This Is What It's Like to Get Your Degree in Prison
Studying in prison can feel like a long and lonely journey.
Photo of Arne Jensen by Marie Hyle
This article originally appeared on VICE UK.
Arne Jensen never imagined himself becoming an educated man. "I love being a criminal," he tells me brightly like he's talking about a newfound passion for gardening.
The 38-year-old Dane has spent a third of his adult life behind bars. He's served time in ten different institutions, for a wide array of charges, including assault, arson, burglary, and possession of marijuana with the intent to sell. He's currently serving a 12-year sentence, after being caught carrying six kilos of hash and having 150,000 Danish kroner [$23,290 USD] on him. In March 2017, he suddenly found himself surrounded by police during their "Operation Northern Lights" in Christiania in Copenhagen—which has since been dubbed the largest hash-bust in Danish history.
"But I have no future as a criminal anymore. If there's a break-in in the town where I live, I'm the first person the police come looking for," he explains. His first steps into getting educated came out of necessity. "I had to explore other options in life."
Three years ago, his prison mentor told him something nobody had ever told him before—that he could be a student if he wanted, and that getting an education was worth the effort. After that conversation, Jensen finally felt he could dream of a different kind of life beyond the barbed wire fence around Horserød Prison. He decided to finish secondary school.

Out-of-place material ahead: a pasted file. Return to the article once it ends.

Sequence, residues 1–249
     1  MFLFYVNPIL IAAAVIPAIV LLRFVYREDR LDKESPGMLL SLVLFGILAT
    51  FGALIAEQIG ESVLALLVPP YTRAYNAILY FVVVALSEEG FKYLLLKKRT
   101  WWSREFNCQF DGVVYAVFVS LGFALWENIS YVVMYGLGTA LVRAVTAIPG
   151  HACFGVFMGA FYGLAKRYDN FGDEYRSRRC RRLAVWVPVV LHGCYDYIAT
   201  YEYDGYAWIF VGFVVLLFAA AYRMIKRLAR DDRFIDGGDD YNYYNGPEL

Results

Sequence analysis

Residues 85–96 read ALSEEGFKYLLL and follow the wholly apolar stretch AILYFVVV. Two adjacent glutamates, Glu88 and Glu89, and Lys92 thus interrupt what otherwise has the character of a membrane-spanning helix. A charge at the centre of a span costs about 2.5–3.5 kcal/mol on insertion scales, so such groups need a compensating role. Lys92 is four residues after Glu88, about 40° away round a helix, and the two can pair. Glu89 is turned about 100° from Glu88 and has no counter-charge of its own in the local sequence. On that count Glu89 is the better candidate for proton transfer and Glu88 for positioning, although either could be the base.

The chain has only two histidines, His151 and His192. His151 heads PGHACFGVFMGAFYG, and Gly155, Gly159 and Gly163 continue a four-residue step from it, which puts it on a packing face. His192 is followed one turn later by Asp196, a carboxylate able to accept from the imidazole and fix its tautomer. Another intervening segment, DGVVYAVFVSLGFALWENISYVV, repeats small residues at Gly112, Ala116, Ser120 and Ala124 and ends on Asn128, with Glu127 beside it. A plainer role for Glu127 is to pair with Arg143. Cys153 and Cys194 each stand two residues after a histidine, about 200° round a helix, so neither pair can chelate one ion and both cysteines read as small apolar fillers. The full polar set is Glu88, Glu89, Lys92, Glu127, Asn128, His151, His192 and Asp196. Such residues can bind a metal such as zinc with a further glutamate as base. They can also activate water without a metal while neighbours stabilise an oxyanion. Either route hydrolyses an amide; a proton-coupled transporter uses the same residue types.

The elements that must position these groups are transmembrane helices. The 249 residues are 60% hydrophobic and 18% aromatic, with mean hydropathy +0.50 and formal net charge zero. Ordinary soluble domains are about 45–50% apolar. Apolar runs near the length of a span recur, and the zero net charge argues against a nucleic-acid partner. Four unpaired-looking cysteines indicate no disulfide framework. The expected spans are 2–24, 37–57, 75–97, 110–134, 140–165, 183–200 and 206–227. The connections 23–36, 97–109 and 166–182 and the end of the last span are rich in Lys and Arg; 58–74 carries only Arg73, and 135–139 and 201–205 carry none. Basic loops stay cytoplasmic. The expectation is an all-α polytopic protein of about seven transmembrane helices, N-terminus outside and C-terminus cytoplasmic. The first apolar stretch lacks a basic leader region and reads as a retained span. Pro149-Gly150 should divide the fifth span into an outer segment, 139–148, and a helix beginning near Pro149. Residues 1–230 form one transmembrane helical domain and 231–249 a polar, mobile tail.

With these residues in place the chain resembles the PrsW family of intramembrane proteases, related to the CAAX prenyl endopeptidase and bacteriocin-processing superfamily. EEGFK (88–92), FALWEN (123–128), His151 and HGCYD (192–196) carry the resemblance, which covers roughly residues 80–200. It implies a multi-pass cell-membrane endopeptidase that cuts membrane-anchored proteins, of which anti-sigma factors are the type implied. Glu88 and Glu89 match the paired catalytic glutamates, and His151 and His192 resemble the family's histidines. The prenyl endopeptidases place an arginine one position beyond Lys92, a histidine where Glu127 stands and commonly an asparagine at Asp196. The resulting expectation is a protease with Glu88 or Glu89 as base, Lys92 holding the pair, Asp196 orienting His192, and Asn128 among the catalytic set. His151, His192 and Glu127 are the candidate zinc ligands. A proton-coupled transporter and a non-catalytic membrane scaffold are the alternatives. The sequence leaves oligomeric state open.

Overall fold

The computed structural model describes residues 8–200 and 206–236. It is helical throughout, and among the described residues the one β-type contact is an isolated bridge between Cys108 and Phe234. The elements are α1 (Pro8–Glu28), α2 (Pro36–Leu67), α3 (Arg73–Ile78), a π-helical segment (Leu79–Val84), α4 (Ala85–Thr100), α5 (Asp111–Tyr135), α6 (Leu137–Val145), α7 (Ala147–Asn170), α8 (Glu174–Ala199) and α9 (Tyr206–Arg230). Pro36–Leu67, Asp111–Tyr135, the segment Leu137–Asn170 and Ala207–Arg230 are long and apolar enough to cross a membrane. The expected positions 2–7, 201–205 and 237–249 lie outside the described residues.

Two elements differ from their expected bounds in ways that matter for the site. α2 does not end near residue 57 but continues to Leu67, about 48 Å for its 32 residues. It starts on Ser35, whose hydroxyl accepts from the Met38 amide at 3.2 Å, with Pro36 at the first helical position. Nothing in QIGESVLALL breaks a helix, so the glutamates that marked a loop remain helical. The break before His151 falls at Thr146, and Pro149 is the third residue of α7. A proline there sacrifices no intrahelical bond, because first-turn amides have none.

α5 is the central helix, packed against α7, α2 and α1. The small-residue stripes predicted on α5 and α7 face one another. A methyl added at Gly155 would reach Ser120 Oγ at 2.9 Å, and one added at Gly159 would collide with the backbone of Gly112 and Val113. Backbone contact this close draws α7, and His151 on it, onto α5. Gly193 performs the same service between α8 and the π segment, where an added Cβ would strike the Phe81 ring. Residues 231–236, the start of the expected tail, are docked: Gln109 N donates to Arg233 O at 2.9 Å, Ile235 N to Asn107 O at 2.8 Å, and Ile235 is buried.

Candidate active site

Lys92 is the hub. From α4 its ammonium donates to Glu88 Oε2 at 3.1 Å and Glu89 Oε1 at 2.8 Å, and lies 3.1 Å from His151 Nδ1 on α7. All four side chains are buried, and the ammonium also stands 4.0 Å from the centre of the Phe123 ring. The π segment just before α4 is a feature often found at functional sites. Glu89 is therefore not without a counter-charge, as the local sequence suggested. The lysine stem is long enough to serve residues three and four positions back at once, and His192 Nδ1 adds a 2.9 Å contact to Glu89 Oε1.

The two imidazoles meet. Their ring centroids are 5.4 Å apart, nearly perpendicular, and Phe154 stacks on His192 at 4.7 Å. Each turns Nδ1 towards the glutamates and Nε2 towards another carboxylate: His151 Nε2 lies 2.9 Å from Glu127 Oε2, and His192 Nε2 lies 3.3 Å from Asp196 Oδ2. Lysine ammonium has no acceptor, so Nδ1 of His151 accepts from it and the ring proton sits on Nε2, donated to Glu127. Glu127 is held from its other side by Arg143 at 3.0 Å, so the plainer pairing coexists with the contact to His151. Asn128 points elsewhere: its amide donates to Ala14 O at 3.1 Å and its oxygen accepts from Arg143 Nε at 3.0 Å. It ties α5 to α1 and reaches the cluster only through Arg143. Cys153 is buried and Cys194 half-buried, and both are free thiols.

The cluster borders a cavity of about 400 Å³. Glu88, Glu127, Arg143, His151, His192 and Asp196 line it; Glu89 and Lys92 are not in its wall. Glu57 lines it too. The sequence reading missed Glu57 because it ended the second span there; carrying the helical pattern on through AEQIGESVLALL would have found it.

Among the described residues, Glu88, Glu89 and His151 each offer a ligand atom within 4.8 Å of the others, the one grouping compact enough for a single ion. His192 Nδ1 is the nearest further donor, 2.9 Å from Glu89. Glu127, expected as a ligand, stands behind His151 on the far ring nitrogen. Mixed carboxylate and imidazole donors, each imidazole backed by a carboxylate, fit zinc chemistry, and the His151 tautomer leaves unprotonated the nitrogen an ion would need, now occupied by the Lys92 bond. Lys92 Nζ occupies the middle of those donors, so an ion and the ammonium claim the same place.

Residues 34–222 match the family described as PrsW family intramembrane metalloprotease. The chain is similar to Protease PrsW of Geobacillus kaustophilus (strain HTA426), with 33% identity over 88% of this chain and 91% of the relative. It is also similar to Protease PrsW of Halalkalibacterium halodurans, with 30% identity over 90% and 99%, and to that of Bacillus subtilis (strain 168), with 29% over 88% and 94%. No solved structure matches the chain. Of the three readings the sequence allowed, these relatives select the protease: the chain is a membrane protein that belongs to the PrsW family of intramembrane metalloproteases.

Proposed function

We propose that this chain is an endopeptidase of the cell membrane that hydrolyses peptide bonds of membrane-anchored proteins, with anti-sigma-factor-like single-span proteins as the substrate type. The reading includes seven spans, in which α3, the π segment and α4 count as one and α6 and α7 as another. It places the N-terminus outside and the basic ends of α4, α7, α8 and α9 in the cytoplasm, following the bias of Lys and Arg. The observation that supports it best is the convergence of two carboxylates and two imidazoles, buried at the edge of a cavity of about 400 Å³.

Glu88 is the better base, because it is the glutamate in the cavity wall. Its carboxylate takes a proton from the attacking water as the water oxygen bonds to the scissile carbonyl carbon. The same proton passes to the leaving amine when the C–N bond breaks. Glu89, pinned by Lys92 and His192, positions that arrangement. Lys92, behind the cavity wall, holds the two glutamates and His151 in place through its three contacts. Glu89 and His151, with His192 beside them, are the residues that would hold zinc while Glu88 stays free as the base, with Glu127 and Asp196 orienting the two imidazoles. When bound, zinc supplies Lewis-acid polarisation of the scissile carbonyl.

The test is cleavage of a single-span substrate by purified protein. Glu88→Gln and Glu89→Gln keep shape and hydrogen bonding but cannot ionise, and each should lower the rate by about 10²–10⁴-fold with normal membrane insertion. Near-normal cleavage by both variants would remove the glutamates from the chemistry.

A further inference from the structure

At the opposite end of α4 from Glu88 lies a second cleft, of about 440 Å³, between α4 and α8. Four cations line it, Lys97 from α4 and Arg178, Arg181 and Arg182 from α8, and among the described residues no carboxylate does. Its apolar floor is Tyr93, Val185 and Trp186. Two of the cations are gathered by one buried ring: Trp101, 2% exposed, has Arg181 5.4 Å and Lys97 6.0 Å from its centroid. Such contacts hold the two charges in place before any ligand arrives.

"I want a boring life with a Volvo, a house in the suburbs, a dog, and everything else," he says.
The Danish Prison and Probation Service doesn't have any numbers on how many inmates in the country have begun or completed educational programs while incarcerated. But according to Tina Engelbrecht Issing, the head of a prisoner rehabilitation program under the Danish Prison and Probation Service, it's safe to estimate that between 10 percent and 20 percent of Danish prisoners are currently enrolled in an educational program.
In Denmark, the debate over whether or not prison inmates are entitled to an education has riled up politicians, researchers, and interest groups. The issue is part of the larger philosophical and ethical question of why we, as a society, punish people at all—do we lock offenders up purely as a punishment for criminal behavior and to protect the general public? Or because we believe that a prison sentence can offer an offender re-education and rehabilitation?